Bulb mite Rhizoglyphus robini
Bulb mites attack bulbs and roots of many species, including Freesia, Gladiolus, hyacinth, lily, iris, Narcissus and tulips.
Bulb mites have an oval body shape (approx. 600-940 μm long) and are translucent with a shiny appearance. Their legs are short and reddish brown. Eggs are shiny, clear and oval shaped and are about 1/2 the size of the adult mite.
The mite generally attacks through basal plate of the bulb, or though the outer skin layers. If a bulb is bruised or damaged in any way, mite development occurs more quickly. If a bulb is infected with Fusarium rots, the time taken for mite establishment and development can be more than halved compared with that on healthy bulbs. Damage appears on the roots of Freesia and Gladiolus as dark brown streaks and the roots may also be "mined" internally. Healthy corms or bulbs grown in bulb mite infested soils will have distorted leaves and growing points. High numbers of bulb mites can quickly transform an entire bulb to a rotten pulp.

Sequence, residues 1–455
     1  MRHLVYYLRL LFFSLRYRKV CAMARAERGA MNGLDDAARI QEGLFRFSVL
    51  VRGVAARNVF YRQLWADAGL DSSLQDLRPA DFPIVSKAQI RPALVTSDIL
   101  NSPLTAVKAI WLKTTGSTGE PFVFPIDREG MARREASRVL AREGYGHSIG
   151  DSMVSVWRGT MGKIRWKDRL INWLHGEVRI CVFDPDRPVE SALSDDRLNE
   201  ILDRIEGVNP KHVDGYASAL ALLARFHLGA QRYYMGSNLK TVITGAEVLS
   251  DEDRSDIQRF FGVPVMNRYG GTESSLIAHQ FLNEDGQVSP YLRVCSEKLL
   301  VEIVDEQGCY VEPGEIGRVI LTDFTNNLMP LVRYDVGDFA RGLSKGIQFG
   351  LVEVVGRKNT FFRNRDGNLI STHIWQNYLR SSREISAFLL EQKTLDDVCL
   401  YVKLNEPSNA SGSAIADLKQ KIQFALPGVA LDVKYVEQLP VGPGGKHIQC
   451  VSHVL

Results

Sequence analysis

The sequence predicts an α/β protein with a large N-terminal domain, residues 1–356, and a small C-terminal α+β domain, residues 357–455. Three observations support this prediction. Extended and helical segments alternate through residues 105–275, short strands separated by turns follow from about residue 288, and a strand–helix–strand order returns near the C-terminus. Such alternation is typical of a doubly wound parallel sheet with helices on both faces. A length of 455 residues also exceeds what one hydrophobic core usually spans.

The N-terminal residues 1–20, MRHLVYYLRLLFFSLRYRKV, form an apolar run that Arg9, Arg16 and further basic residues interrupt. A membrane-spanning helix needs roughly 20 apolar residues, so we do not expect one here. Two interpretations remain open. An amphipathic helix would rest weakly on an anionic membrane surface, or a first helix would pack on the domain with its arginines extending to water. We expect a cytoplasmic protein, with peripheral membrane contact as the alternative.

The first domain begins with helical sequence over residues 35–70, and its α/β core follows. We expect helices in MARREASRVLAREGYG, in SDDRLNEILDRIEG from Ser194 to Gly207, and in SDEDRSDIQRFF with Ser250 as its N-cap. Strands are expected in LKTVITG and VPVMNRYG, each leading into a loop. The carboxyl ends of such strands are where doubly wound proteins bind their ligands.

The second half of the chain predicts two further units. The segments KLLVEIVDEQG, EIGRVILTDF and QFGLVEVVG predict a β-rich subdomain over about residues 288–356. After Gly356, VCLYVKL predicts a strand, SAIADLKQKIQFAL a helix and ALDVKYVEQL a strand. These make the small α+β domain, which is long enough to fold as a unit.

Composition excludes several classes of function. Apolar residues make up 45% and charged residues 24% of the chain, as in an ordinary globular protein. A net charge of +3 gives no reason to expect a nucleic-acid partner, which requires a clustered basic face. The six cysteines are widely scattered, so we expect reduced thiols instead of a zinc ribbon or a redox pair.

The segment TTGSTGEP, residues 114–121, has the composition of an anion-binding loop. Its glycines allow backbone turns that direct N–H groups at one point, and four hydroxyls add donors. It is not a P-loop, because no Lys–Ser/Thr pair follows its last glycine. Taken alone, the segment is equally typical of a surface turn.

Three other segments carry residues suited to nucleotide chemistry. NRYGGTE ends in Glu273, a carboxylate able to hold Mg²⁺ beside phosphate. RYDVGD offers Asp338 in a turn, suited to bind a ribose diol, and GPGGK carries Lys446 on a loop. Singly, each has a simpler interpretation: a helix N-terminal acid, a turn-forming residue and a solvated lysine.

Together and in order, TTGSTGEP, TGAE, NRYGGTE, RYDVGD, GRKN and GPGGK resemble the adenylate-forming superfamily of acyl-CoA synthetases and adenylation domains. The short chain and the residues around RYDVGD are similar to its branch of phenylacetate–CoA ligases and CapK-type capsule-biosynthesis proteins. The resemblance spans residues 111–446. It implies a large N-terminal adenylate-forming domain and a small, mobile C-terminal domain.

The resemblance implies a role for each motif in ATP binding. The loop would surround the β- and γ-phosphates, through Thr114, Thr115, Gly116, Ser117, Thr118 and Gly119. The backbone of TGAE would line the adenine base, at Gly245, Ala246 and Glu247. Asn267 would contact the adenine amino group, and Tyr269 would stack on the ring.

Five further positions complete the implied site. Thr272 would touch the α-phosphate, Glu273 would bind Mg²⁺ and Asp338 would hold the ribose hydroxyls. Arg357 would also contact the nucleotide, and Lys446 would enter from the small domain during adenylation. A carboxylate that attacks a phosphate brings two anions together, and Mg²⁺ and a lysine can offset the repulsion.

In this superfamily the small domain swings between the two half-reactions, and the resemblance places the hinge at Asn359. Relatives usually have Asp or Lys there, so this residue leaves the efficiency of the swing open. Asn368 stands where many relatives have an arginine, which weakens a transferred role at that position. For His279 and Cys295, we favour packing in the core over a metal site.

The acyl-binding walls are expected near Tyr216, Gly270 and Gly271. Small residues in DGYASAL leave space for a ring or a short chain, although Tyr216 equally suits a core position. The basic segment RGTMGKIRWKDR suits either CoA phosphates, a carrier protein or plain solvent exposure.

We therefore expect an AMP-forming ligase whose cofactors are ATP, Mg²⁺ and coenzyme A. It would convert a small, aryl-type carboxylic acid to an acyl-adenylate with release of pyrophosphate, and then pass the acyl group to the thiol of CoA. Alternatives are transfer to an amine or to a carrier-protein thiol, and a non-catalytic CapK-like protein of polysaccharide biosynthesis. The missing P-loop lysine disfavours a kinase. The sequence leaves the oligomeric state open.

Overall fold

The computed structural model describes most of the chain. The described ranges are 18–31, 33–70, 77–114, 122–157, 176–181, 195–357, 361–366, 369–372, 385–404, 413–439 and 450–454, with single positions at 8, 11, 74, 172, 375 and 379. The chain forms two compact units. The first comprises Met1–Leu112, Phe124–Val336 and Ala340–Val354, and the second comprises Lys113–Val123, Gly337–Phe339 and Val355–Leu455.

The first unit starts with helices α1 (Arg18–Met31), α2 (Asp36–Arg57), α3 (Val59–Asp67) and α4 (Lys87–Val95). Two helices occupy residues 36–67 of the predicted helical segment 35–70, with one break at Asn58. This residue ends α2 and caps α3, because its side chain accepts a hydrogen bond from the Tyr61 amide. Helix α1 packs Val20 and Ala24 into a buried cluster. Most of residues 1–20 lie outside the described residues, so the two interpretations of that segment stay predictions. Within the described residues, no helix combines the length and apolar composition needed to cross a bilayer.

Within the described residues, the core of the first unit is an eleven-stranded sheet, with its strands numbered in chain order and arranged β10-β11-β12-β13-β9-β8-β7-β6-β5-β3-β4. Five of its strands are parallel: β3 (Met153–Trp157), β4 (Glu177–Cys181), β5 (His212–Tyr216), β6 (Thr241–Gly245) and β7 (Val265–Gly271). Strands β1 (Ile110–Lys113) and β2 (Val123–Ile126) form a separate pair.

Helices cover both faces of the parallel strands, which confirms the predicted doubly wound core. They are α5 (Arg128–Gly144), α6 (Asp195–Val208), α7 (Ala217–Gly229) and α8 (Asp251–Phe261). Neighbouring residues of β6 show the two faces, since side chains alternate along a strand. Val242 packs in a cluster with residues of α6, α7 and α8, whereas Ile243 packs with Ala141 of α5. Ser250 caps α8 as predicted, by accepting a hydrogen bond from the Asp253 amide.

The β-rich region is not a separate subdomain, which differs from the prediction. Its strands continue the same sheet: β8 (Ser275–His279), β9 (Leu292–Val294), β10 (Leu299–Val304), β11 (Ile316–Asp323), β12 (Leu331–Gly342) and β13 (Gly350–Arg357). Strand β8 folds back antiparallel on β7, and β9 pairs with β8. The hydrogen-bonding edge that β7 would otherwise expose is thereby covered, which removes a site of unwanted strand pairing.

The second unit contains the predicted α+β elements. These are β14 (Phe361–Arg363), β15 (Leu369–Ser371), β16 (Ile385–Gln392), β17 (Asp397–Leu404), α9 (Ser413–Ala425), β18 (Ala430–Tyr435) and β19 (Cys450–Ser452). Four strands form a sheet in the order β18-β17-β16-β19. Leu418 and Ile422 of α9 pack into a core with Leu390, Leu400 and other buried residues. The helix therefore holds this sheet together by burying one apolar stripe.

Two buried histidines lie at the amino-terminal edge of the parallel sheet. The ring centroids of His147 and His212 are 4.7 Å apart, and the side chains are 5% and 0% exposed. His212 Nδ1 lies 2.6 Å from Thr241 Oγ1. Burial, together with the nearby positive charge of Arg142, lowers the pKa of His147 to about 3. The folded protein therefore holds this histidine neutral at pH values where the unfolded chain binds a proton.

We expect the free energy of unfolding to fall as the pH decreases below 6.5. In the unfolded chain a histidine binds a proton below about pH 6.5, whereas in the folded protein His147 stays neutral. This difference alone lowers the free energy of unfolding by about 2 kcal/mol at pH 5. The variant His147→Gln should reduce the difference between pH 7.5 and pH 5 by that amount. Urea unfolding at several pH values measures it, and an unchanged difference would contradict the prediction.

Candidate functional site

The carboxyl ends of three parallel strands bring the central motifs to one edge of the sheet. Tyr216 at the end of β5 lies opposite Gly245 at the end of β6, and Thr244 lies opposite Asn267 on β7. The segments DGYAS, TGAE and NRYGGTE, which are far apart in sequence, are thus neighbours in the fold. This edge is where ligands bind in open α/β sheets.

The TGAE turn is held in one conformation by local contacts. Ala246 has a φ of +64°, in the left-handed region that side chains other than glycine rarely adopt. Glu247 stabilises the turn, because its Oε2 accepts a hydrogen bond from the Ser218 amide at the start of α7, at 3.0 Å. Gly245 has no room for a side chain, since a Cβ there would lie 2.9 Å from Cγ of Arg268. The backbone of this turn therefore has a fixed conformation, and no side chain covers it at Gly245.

Bulb mites can be effectively controlled by Hypoaspis aculeifer.